- Warning signs of blood clots in leg
- Increasing pain in your calf
- Tenderness or redness above or below your knee
- New or increasing swelling in your calf, ankle, and foot
- Warning Signs of Pulmonary Embolism
If these occur go to the ER or call 911.
- Sudden Shortness of Breath
- Sudden onset of Chest Pain
- Localized Chest Pain with Coughing
Implant Problem: Although implant designs and materials, as well as surgical techniques, continue to advance, implant surfaces may wear down and the components may loosen. Motion may be more limited, particularly in patients with limited motion before surgery.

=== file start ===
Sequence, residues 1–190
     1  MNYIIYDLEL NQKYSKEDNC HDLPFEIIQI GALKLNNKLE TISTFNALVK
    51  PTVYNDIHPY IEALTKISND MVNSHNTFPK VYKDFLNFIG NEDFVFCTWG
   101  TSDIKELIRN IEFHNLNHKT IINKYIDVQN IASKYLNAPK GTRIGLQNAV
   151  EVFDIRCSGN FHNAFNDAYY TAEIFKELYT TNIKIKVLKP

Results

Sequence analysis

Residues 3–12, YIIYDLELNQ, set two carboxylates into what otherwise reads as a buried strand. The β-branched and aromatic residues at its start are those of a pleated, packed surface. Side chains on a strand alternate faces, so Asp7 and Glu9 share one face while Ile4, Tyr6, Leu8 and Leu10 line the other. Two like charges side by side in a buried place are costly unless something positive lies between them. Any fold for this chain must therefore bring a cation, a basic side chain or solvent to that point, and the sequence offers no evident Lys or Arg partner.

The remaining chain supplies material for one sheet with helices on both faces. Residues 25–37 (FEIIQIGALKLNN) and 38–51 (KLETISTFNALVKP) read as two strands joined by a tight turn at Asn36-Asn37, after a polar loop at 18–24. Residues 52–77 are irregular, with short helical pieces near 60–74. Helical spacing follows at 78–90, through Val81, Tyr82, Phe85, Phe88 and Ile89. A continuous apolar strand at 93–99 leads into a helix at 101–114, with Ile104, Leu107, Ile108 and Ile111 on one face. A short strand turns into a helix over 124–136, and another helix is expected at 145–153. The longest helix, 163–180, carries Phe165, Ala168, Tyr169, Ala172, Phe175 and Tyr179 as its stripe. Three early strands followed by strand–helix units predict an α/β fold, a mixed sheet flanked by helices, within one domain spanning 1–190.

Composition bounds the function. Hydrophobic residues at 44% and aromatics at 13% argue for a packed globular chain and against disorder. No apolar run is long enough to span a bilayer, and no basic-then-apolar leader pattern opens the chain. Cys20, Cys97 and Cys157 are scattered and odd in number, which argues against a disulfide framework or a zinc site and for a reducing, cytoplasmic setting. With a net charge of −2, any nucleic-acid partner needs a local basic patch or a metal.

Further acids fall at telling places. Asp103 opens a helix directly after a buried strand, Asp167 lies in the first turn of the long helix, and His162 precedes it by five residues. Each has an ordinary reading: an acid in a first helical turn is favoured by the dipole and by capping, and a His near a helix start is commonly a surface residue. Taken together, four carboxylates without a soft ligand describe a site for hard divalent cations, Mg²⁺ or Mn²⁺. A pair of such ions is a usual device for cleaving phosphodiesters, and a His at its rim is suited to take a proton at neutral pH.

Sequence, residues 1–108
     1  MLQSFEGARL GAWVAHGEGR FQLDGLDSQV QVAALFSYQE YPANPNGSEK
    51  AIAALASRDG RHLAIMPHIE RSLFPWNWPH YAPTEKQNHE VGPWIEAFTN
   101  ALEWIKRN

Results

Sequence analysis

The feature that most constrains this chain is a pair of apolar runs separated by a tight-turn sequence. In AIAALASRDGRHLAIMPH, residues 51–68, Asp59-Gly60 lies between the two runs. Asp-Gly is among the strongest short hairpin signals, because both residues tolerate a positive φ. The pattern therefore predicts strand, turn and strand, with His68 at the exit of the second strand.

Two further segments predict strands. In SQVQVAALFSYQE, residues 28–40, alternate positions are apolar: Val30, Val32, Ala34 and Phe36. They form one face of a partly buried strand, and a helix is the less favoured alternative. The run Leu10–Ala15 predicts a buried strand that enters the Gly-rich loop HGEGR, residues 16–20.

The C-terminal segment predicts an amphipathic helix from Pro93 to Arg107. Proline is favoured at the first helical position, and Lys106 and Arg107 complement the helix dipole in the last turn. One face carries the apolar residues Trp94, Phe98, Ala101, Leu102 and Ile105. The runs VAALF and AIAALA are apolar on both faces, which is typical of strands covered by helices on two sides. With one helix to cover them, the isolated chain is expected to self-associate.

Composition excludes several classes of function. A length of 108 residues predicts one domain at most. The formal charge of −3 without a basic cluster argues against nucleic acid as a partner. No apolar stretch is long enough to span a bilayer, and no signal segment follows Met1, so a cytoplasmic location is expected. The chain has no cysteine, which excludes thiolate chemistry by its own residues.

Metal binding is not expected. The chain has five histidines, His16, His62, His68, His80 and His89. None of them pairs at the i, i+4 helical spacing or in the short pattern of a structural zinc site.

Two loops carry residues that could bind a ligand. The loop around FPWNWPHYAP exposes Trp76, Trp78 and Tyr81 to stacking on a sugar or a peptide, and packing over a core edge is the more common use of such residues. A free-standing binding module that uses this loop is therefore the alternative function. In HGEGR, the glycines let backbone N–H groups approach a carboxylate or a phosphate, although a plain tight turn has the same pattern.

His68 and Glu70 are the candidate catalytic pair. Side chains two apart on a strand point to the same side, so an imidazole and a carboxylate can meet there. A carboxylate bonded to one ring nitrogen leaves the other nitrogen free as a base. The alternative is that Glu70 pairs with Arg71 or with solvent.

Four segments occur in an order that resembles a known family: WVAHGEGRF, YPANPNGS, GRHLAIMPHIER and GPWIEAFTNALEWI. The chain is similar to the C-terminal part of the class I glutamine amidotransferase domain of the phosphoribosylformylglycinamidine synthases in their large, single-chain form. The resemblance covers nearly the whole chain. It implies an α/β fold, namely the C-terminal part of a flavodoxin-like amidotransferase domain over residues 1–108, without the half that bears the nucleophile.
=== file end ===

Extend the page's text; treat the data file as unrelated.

Pain: A small number of patients continue to have pain after surgery. However, this complication is rare and the vast majority of patients experience excellent pain relief following surgery.
Pain Management: After surgery, you will feel some mild pain. This is a natural part of the healing process. Your surgeon and nurses will work to reduce your pain. Medications are often prescribed for short-term pain relief after surgery. Many types of medicines are available to help manage pain including opioids, non-steroidal anti- inflammatory drugs (NSAIDs), and local anesthetics. Your surgeon may use a combination of these medications to improve pain relief, as well as minimize the need for opioids. Be aware that although opioids help relieve pain after surgery, they are a narcotic and can be addictive. Talk to your doctor if your pain has not begun to improve within a few days of your surgery.
Neurovascular Surgery: Although rare, injury to the nerves or blood vessels can occur during surgery.